The full list of projects contains the entire database hosted on this portal, across the available directories. The projects and activities (across all directories/catalogs) are also available by country of origin, by geographical region, or by directory.

Displaying: 121 - 140 of 255 Next
121. Physics, Chemistry and Biology of Atmospheric Composition and Climate Change, Finnish Center of Excellence

The main objective is to study the importance of aerosol particles on climate change and on human health. Particularly, the focus will be on the effect of biogenic aerosols on global aerosol load. During the recent years it has become obvious that homogeneous nucleation events of fresh aerosol particles take frequently place in the atmosphere, and that homogeneous nucleation and subsequent growth have significant role in determining atmospheric aerosol load. In order to be able to understand this we need to perform studies on formation and growth of biogenic aerosols including a) formation of their precursors by biological activities, b) related micrometeorology, c) atmospheric chemistry, and d) atmospheric phase transitions. Our approach covers both experimental (laboratory and field experiments) and theoretical (basic theories, simulations, model development) approaches.

Atmospheric processes UV radiation Climate Atmosphere
122. ACCENT Atmospheric Composition Change, the European Network of Excellence

The overall goals of ACCENT are to promote a common European strategy for research on atmospheric composition change, to develop and maintain durable means of communication and collaboration within the European scientific community, to facilitate this research and to optimise two-way interactions with policy-makers and the general public. ACCENT will establish Europe as an international leader in atmospheric composition change research, able to steer research agendas through its involvement in major international programmes. ACCENT furthermore aims to become the authoritative voice in Europe on issues dealing with atmospheric composition change and sustainability.

Pathways Atmospheric processes Long-range transport (biosphere-atmosphere) interaction Contaminant transport Modelling Data management Atmosphere
123. Atmospheric Monitoring Network for Antropogenic Pollution in Polar Regions (ATMOPOL)

The project aims at establishing a long-term Arctic-Antarctic network of monitoring stations for atmospheric monitoring of anthropogenic pollution. Based upon the long and excellent experiences with different scientific groups performing air monitoring within the Arctic Monitoring and Assessment Programme (AMAP), an expanded network will be established including all AMAP stations and all major Antarctic “year-around” research stations. As an integrated project within the “International Polar Year 2007-08” initiative, the ATMOPOL co-operation intend to • Establish a long-term coordinated international Arctic-Antarctic contaminant programme. • Develop and implement a joint sampling and monitoring strategy as an official guideline for all participating stations. • Support bi-polar international atmospheric research with high-quality data on atmospheric long-range transport of contaminants (sources, pathways and fate). • Support future risk assessment of contaminants for Polar Regions based on effects of relevant contamination levels and polar organisms Based upon the well-established experiences of circum-Arctic atmospheric contaminant monitoring in the Arctic under the AMAP umbrella, a bi-polar atmospheric contaminant network will be established and maintained. In conjunction with the polar network of atmospheric monitoring stations for air pollution, surface-based and satellite instrumentation will be utilised to provide the characterization of the Arctic atmospheric-water-ice cycle. Together with numerical weather prediction and chemical transport model calculations, simultaneous measurements of pollutants at various locations in the Arctic and Antarctic will enhance our understanding of chemical transport and distribution as well as their long-term atmospheric trends. In addition to investigating the importance of atmospheric transport of pollutants an understanding of the transference and impact of these pollutants on both terrestrial and marine environments will be sought. A secretariat and a “scientific project board” will be established. During this initial phase of the project (2006), a guideline on priority target compounds, sampling strategies, equipment and instrumentation, analytical requirements, as well as quality assurance protocols (including laboratory intercalibration exercises) will be developed and implemented. The ATMOPOL initiative aims to address highly relevant environmental change processes and, thus, will strive to answering the following scientific questions: • How does climate change influence the atmospheric long-range transport of pollutants? • Are environmental scientists able to fill the gaps in international pollution inventories and identification of possible sources for atmospheric pollution in Polar Regions? • What are the differences in transport pathways and distribution patterns of various atmospheric pollutants between Arctic and Antarctic environments? Why are there such differences? What is the final fate of atmospherically transported pollutants and how does this impact on the environment and indigenous people?In order to understand the underlying atmospheric chemistry of pollution, e.g. atmospheric mercury deposition events, routine surface measurements of UV radiation as well as campaign related measurements of UV radiation profiles will also be included.The project will establish a cooperative network on atmospheric contaminant monitoring in Polar Regions far beyond the IPY 2007/08 period and is, thus, planned as an “open-end” programme. All produced data will be available for all participating institutions for scientific purposes as basis for joint publications and reports from the ATMOPOL database to be developed.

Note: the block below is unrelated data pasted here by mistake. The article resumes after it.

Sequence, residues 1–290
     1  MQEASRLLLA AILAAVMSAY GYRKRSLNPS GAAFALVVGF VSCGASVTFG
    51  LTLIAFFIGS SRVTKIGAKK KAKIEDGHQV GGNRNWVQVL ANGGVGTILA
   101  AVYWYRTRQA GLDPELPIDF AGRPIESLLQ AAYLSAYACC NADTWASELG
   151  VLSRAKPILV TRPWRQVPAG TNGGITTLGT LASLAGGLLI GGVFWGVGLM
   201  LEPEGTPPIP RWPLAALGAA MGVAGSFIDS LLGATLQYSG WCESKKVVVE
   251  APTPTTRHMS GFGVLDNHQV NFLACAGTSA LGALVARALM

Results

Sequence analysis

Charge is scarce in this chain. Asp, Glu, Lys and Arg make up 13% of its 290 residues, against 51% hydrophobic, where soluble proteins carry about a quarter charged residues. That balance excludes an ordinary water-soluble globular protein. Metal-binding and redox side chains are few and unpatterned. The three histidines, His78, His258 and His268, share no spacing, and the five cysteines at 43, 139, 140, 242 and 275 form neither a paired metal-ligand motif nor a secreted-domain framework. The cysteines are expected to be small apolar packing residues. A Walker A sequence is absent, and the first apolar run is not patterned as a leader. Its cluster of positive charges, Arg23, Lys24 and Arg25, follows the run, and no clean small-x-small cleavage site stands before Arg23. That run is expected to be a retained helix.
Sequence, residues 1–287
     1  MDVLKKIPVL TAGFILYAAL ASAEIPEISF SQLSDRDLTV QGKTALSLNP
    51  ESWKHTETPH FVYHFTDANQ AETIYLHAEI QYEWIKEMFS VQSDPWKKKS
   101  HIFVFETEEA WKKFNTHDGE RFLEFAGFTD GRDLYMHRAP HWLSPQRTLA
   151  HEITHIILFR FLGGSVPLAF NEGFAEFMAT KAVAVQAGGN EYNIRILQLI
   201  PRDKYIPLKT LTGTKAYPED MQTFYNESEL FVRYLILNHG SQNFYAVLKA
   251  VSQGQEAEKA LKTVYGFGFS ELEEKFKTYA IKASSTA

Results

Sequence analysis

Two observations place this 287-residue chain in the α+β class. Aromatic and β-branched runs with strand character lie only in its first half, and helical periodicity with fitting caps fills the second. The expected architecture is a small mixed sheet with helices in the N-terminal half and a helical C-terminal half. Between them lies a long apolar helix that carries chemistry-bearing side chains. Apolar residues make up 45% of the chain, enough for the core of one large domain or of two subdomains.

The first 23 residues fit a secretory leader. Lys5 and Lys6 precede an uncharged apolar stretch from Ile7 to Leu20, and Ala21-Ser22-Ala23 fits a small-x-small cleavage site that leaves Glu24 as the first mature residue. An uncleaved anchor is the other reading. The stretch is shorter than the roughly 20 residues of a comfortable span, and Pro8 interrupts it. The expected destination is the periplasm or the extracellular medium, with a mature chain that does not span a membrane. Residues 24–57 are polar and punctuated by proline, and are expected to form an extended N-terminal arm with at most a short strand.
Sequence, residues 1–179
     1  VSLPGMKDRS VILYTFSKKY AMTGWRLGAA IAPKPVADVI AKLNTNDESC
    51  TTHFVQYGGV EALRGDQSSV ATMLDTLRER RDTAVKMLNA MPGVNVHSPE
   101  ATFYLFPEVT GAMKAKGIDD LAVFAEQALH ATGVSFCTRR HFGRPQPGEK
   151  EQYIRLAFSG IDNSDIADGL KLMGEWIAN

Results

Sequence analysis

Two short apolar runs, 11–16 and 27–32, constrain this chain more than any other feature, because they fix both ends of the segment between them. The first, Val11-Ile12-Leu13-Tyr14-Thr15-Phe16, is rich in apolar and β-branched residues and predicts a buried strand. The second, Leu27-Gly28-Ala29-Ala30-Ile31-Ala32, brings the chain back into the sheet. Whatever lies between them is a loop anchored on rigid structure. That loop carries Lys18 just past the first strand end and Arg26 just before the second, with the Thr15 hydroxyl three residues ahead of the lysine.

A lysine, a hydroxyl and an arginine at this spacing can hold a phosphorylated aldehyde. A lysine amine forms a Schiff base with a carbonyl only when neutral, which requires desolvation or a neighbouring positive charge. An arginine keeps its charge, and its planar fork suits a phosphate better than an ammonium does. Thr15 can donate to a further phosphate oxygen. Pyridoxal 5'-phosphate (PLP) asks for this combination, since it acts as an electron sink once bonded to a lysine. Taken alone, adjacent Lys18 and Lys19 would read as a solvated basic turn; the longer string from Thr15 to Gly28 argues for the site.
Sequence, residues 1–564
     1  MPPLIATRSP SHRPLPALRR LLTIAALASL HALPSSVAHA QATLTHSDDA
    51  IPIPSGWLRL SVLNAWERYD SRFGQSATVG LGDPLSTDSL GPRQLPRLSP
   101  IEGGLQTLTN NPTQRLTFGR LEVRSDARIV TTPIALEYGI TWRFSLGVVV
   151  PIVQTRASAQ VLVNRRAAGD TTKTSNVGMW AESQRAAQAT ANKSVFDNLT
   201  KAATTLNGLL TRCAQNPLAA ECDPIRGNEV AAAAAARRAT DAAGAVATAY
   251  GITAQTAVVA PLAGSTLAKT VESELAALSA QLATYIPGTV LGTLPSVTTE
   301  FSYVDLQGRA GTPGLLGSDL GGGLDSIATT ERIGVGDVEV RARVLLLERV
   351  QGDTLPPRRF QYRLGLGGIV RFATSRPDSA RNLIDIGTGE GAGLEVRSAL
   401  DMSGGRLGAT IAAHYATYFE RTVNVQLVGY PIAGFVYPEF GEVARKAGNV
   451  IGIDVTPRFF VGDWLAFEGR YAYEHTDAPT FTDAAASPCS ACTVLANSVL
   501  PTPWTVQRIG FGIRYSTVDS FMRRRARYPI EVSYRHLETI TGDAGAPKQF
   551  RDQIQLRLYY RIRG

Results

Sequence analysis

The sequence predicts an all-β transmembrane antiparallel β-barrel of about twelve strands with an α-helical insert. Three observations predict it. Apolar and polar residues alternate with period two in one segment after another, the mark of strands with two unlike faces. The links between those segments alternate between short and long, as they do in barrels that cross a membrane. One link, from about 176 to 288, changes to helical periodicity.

Pathways Atmospheric processes Heavy metals Long-range transport Contaminant transport Persistent organic pollutants (POPs) Atmosphere
124. IOANA